Book cover trends: Fabio is out of fashion!

One of the guest presenters in the free online event I watched in October was a guy who’s a big gun in book cover business. He talked about what you should never put on your book cover.

No scenes. No specific details (from the book, I guess). No drop shadow ( it looks too 1980-ish. Like Fabio Lanzoni.)

So, no Fabio Lanzoni (just joking.)

My parents, cca. 1960.

No eye contact (with the reader) performs better than eye contact. Partial faces (from nose down) are better than full faces.

Other common mistakes: Too much of anything.

“Singing in the rain.” The cute one

Expressions on the faces that show (or try to show) their relationship (I wasn’t sure I noted this one down totally right, but I think I know what he wanted to say.)

Don’t do it yourself unless you know what are you doing (know about cover design).

All this makes sense.

The idea of my PhD paleographer

Then he emphasized something that I should accept sooner rather than later since I have a reputation for being a difficult customer: Let the designer do her/his job.

“I survived the Battle of Blackwater”

Sure. Providing she/he cares about your book. When my first designer (for Blind Date) sent me a couple of her suggestions, I was disappointed. She missed capturing the essence of my story even though I sent her the summary, blurbs, and notes about the characters. One (semi-sepia) image had a middle-aged couple from the times of JFK’s administration, sitting on a bench. The second should’ve represented the idea of my PhD heroine with an IQ of 150, but suggested some cheap erotica. On the third image something was wrong with the woman’s facial proportions – her nose looked like a crossover between those of Lord Valdemort from the Harry Potter movies and Tyrion Lannister after the Battle of Blackwater. One was kind of cute — “Singing in the rain” — but again, it didn’t even hint at the passion and serious emotions of my stories.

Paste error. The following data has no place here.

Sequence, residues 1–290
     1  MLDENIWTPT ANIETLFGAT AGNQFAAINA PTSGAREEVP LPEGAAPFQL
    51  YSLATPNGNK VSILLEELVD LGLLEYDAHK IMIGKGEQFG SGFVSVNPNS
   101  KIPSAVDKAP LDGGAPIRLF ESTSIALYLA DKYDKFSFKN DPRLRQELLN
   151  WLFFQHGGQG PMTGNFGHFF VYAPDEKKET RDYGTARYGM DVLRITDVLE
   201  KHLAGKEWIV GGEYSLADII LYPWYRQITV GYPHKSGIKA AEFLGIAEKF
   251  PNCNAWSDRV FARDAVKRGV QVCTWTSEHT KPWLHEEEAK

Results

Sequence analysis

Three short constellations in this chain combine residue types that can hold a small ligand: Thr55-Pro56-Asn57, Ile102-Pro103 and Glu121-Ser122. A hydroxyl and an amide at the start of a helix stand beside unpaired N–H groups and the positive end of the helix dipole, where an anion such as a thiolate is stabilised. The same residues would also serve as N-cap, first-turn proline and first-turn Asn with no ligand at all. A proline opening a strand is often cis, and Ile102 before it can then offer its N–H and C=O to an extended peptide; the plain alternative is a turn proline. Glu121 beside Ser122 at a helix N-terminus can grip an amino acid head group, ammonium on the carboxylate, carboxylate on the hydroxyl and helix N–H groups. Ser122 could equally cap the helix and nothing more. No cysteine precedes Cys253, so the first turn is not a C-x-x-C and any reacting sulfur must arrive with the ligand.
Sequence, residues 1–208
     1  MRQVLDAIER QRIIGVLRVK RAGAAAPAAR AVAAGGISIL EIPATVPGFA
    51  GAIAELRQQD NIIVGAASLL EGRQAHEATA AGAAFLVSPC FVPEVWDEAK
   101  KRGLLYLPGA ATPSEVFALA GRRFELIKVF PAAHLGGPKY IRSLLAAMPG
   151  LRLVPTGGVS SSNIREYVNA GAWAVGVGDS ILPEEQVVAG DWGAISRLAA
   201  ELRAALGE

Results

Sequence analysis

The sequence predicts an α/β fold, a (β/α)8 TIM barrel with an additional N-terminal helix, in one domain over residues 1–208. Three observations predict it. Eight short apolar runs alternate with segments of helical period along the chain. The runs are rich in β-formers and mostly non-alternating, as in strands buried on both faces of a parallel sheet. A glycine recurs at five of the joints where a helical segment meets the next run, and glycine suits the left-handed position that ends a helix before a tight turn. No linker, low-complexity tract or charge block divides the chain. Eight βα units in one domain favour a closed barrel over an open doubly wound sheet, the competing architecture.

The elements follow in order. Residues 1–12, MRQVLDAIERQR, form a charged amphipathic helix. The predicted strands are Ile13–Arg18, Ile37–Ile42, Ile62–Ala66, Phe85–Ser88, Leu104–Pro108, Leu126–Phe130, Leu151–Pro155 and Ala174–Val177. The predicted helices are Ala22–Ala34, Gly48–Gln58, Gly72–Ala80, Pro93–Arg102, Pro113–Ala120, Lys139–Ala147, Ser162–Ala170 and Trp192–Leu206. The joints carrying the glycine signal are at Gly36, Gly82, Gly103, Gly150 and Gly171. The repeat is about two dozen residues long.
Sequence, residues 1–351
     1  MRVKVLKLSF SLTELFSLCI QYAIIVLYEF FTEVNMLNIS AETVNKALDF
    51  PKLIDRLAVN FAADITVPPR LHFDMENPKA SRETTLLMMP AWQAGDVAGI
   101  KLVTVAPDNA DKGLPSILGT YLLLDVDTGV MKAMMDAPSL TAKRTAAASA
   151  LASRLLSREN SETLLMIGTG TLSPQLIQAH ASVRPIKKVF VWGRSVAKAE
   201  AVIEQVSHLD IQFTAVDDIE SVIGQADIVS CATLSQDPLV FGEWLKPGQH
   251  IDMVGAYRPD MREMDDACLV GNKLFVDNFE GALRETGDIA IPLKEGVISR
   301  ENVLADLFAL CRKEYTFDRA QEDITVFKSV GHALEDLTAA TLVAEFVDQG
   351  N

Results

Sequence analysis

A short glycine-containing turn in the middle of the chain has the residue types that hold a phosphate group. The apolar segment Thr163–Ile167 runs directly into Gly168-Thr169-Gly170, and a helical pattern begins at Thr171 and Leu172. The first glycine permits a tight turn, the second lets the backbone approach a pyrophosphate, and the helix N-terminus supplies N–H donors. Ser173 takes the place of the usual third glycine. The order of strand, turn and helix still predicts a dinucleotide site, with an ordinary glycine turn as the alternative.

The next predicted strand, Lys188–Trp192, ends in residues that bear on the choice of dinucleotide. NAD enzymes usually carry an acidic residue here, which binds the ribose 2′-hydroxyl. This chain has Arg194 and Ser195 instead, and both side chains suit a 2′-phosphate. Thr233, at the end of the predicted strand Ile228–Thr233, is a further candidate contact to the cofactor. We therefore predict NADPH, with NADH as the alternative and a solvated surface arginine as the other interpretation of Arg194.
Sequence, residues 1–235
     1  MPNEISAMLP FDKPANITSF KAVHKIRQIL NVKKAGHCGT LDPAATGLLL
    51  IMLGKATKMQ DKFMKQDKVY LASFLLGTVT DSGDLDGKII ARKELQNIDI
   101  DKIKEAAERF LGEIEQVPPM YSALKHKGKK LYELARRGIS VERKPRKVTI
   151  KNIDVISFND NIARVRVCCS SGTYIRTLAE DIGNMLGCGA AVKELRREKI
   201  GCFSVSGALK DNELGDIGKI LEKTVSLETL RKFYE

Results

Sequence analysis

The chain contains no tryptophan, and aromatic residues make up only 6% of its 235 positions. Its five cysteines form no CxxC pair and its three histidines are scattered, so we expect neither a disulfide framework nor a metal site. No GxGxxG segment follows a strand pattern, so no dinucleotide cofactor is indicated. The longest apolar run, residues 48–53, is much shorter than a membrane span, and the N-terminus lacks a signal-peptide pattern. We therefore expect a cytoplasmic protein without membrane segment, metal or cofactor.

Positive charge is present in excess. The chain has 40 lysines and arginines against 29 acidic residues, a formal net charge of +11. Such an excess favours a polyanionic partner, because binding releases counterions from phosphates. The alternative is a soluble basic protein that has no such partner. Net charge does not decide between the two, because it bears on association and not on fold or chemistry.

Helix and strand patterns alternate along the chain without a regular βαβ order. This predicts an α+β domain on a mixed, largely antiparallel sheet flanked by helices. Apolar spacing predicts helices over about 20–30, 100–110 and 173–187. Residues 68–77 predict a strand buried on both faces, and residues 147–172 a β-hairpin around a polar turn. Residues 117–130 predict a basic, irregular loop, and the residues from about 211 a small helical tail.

And then they say I’m difficult.

The next four were my suggestions.





Anyhow, back to the presenter. Focus on colors, font, text, he says. Colors communicate the genre. Go to Amazon and check the first 20 bestsellers in your genre and study their covers. Great advice.

Redesign your cover to boost the sales. Sometimes it does wonders, but it won’t do anything if your book isn’t visible (if it’s not high-ranked, but this is a whole new can of worms.)

A good cover will cost you, according to him, but I have a strong suspicion he said that  just because he does book covers for living, and he is expensive. (He also writes, a lot, a book or two every year, fiction and non-fiction alike.)

Here I–and many others, more competent–disagree. I checked some of the sites he mentioned. They charge between US  300-900.  Some of their covers look great indeed, some are average some below average.  And I saw some great covers elsewhere for under CA $100. They’re all based on stock images, expensive ones and inexpensive alike.

I kinda lost my interest after this money bit, but the end was near anyway.

The last thing he spoke about was current trends in urban fantasy (I don’t know why UF out of all the genres, since it doesn’t seem like the hottest writing trend these days). In case you’re wondering, here it is: lots of glow coming from behind, a figure in the middle, magical elements…

Ok. Got it. Fabio is out. Glow is in.

About jfkaufmann

Not unlike my characters, I lead a double life: by day I'm a mother, a friend, a colleague, and the queen of my kitchen. When the moon rises, however, I shift into my other self and, as Queen of the Night, I reign the magical world of my imagination.
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1 Response to Book cover trends: Fabio is out of fashion!

  1. JF Kaufmann, your four cover suggestions were great, but the last image you shared, all fingers nails and sexy red-painted lips, I loved it! Can’t wait to see what the final, Blind Date, looks like!

    Liked by 1 person

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